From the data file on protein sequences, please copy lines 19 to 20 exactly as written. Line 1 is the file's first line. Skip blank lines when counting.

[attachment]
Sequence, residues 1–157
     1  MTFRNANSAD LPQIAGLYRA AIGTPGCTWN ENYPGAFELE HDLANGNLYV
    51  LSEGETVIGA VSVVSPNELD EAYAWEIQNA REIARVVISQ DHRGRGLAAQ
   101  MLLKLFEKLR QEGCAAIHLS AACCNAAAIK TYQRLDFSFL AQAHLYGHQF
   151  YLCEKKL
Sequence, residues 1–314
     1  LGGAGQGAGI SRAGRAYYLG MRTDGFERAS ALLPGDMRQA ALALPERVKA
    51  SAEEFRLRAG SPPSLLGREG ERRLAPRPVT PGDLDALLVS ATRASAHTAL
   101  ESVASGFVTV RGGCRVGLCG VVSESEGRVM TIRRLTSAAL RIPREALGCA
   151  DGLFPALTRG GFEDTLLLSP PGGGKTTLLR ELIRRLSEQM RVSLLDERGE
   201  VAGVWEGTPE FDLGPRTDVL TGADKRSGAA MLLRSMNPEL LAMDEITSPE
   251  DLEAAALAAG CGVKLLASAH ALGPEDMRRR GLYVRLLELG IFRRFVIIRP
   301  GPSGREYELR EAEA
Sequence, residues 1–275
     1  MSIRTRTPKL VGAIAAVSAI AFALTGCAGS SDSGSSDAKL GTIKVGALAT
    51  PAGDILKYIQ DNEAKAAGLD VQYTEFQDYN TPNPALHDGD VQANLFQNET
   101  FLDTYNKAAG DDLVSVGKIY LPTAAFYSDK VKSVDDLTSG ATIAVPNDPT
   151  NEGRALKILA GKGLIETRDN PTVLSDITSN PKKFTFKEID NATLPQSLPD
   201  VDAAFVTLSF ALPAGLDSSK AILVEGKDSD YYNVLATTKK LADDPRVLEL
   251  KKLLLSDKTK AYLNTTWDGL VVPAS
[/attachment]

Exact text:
   201  VDAAFVTLSF ALPAGLDSSK AILVEGKDSD YYNVLATTKK LADDPRVLEL
   251  KKLLLSDKTK AYLNTTWDGL VVPAS